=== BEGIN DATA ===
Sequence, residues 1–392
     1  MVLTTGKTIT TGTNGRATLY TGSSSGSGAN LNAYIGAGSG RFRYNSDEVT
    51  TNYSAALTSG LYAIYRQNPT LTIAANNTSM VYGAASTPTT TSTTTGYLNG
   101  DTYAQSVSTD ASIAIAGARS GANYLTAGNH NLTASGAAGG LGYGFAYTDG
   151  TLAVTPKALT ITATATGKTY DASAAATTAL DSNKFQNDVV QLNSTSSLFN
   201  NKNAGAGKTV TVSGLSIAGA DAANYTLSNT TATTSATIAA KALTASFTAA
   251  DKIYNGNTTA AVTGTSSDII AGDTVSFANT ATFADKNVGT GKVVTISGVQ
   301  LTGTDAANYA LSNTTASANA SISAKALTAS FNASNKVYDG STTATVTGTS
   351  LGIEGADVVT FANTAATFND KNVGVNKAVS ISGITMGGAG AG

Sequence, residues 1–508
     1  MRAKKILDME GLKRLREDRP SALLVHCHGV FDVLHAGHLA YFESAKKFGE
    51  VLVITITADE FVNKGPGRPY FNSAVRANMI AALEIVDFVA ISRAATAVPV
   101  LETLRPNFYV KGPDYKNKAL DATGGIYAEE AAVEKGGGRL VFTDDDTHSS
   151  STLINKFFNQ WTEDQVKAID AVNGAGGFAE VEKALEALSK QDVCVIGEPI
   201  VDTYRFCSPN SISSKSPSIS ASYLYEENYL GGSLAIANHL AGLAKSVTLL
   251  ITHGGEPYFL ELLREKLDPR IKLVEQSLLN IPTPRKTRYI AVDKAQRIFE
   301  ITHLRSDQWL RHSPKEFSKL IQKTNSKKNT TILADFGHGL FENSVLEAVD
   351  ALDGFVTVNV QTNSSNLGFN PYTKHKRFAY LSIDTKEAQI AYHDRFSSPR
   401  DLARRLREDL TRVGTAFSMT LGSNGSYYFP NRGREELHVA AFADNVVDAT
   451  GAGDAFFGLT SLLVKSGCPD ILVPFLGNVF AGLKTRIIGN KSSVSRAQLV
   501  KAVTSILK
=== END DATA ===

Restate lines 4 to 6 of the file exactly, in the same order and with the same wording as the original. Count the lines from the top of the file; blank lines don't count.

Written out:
   101  DTYAQSVSTD ASIAIAGARS GANYLTAGNH NLTASGAAGG LGYGFAYTDG
   151  TLAVTPKALT ITATATGKTY DASAAATTAL DSNKFQNDVV QLNSTSSLFN
   201  NKNAGAGKTV TVSGLSIAGA DAANYTLSNT TATTSATIAA KALTASFTAA